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A CurtainUp Review
The Compleat Female Stage Beauty
The Philadelphia Theatre Company celebrates the opening of its 25th Anniversary season with a rousing production of Jeffrey Hatcher's Compleat Female Stage Beauty at the charming old Plays & Players Theatre. Hatcher's plays tend to connect to historical events, and this one is no exception. He decided to write about the English Restoration and the appearance of women on the stage when he came across the story of Edward Kynaston (pronounced Kinniston), a male actor who specialized in female roles, while reading Samuel Pepy's diary. As he explained in an after-performance discussion he wanted to "come in off the side," writing not from the point of view of new women actresses, but rather from the vantage point of a man who was displaced.
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Charles II has decreed that women can now play women's roles on the stage. It is a dire time for male actors who specialize in female roles. Actor Edward Kynaston's (Brandon Demery) entire identity is tied up in his rendering of the "compleat female stage beauty." Margaret Hughes (Jenny Bacon), an actress, has stolen Kynaston's Desdemona. Not only has she absconded with the role, but she has imitated his every gesture.
Kynaston's fashionable world collapses, his lover leaves, he is ridiculed and beaten. He doesn't know who he is anymore. He pays some dues. Questions of identity abound. Charles II (Robert Stanton) states: "I make no distinction between the part and its player, and neither, I think, does anyone else." Kynaston's lover, the duke, tells him that when they made love, he was making love to Desdemona or Cleopatra. Kynaston was these characters to him. The play thus plays with male/female roles and actor/person identity issues. At one point after he has banned the appearance of male actors in female roles, we encounter Charles II in a palace masque in a dress.
Kynaston encounters huge obstacles as he attempts to transform himself from a female stage beauty into a male actor. His confusion is painful to watch as he tries to play Othello for the court but cannot do it without intimations of Desdemona in his every gesture. The once proud "stage beauty" is reduced to burlesque theatres. In one scene the modern audience, cast as the burlesque theater audience, is implicated in the masculine ideology which sees women as objects in the theater and in society. Our suggested complicity is uncomfortable enough to createa successful theatrical moment.
Parts of Othello (5.2) are played again and again. It's all very complex -- today's version of a "Restoration" production of an Elizabethan play.
In one key playing of the scene Kynaston instructs Margaret Hughes in a naturalistic acting style that would not have been seen before Garrick's day. Anachronism notwithstanding, it is doubly theatrical to watch their roles within roles. It's a pivotal moment in which Kynaston, in teaching an actress how to act like a real woman, finally learns to act like a man. In coaching his nemesis he learns to survive. The language of the play is enormously entertaining. Modern expressions blend with those of an earlier time. The writing is mature. Not needing to make every line funny, it has the confidence to bide its time, which results in delightful dialogue. It is not too too cute. Thank you. If I want a sitcom, I'll watch TV.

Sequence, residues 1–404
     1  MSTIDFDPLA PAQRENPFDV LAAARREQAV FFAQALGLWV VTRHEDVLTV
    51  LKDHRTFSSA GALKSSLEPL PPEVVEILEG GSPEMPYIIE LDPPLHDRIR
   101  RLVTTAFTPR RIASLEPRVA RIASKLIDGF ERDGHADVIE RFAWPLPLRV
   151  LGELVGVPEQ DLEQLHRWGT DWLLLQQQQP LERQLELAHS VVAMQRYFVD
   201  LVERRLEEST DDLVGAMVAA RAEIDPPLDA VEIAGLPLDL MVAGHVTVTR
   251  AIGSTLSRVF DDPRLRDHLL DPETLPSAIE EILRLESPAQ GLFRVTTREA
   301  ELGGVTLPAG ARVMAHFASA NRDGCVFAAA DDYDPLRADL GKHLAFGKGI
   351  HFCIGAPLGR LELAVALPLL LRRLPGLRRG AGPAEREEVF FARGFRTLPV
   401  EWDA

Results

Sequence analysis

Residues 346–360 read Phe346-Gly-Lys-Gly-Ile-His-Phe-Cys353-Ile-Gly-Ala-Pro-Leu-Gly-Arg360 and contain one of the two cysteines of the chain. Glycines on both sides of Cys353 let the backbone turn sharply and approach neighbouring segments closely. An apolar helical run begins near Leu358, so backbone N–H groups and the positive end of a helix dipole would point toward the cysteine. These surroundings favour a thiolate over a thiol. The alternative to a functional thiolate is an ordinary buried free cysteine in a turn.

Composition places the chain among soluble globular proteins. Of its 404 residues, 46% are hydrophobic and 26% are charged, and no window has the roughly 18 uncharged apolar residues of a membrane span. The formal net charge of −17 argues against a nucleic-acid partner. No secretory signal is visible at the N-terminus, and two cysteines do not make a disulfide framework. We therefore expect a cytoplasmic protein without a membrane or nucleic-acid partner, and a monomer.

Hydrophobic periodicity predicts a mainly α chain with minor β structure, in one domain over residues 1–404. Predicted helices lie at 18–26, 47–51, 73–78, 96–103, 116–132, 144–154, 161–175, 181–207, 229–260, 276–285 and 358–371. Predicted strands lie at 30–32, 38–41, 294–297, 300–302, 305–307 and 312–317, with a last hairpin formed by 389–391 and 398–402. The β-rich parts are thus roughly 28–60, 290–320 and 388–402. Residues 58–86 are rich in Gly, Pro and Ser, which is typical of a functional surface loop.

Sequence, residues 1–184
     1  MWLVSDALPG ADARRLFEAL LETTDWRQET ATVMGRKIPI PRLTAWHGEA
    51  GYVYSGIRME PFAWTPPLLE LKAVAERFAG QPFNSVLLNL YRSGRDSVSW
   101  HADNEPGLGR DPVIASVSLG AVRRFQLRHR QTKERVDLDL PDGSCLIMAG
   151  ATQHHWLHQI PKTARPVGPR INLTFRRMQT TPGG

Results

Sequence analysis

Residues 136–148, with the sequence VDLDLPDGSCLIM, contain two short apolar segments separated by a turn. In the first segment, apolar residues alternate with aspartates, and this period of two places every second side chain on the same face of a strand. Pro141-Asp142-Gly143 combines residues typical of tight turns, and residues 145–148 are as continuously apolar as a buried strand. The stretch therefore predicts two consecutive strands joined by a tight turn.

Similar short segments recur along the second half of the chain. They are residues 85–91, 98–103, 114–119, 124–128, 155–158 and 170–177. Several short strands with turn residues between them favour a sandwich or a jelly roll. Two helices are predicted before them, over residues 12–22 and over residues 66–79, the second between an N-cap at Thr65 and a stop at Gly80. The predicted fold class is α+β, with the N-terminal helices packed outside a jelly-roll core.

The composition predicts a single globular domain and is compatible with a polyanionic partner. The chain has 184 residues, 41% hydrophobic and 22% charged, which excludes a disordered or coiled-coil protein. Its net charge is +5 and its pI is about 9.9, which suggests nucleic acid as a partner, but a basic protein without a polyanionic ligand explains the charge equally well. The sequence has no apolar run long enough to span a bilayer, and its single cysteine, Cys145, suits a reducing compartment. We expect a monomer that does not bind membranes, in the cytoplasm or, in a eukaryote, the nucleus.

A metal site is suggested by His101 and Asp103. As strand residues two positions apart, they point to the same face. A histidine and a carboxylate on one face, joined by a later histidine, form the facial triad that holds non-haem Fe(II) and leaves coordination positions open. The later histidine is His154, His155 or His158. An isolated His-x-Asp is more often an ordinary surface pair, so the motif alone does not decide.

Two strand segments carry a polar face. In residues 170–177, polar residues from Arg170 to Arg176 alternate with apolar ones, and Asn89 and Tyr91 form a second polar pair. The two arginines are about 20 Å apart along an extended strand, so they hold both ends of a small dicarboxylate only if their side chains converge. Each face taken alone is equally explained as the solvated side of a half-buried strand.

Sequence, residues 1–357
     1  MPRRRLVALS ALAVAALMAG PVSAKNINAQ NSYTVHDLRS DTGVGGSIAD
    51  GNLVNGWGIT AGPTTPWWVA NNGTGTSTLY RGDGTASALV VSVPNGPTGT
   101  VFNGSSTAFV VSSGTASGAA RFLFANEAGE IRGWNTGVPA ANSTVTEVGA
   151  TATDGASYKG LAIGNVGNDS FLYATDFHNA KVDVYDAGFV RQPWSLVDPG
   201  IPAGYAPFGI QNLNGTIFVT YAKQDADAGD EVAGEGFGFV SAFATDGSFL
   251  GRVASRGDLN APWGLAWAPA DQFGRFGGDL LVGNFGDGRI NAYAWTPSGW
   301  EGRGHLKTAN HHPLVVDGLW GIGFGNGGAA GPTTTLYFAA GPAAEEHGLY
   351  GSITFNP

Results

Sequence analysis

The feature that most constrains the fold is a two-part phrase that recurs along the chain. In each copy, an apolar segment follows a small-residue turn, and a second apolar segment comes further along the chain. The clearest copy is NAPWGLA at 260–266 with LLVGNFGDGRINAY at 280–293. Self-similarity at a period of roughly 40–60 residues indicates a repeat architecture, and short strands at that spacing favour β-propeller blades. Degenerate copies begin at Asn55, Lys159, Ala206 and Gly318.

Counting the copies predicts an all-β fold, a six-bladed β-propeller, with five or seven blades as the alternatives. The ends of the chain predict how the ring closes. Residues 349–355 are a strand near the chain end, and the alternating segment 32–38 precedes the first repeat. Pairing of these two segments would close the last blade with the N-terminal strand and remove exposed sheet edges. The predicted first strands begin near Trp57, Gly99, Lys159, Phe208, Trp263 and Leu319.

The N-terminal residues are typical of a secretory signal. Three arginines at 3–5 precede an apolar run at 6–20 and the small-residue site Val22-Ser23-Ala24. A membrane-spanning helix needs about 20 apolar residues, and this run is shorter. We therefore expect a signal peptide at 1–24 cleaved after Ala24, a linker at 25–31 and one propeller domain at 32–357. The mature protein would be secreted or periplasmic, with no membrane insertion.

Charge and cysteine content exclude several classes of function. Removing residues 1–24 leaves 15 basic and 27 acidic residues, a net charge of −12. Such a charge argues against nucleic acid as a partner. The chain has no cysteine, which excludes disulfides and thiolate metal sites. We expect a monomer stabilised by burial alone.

The characters are well drawn and the acting serves them well. Lauren Ward, fresh and bright, is the charming Maria who, as Kynaston's admirer, provides a nice balance to other less serious women. Jenny Bacon's Margaret Hughes is quite remarkable, as is Brandon Demery's Kynaston. Stephen DeRosa as Samuel Pepys delivers a truly memorable and energetic performance. Tom Nelis is priceless (or should I say 'pritheleth') as Sir Charles Sedley, a foppish antagonist, and Steven Skybell as Betterton and Robert Stanton as Charles II do their parts more than justice. Glenn Howerton is a studly Duke of Buckingham. Marcy Harriell is an absolutely delicious and comic Nell Gwynn. Her lively presence lights up the stage. There is a good bit of skin exposed in the production, especially Ms Harriell's.
The staging is simple--a wooden stage built on the stage and a few pieces of prop furniture that come and go, notably a huge colorful painting, chandeliers, and the Desdemona bed. Otherwise furniture is neither needed nor missed. The stark stage is enhanced by the wonderful colors of the costumes and the lighting. Desdemona's bed, constantly being made up or taken down, at times appears sculptural in soft light and shadow. And there is gorgeous, simple lighting for a love scene that makes me believe that less is more.
This tactile interlude is not without its pathos, as an attempted initiation into hetero-sex is ambushed by a thoughtless question. The lighting is as much a star of the scene as the actors. The music complements the action so well throughout that I scarcely noticed it. To my mind that is successful non-digetic music.
One distraction on the evening that I was at the theater was a scene during which rather prodigious amounts of "steam" from a steam bath enveloped the actors in an opaque cloud. It then poured over the audience in the orchestra to a muffled chorus of coughing and fretting. This "glitch" notwithstanding, a happy combination of Mr. Hatcher's writing, Mr. Bobbie's dynamic direction and John Lee Beatty's design has resulted in a play that moves almost like a film with fluid transitions and lean scenes.
Finally there's a wonderful sort of meshing of Othello, with which we have become quite familiar, and this play's "reality." The play also has a rhymed epilogue. What more could you ask for? It makes for a truly satisfying evening of theatre. Hatcher is currently working on the screenplay, so you can also look forward to the movie version.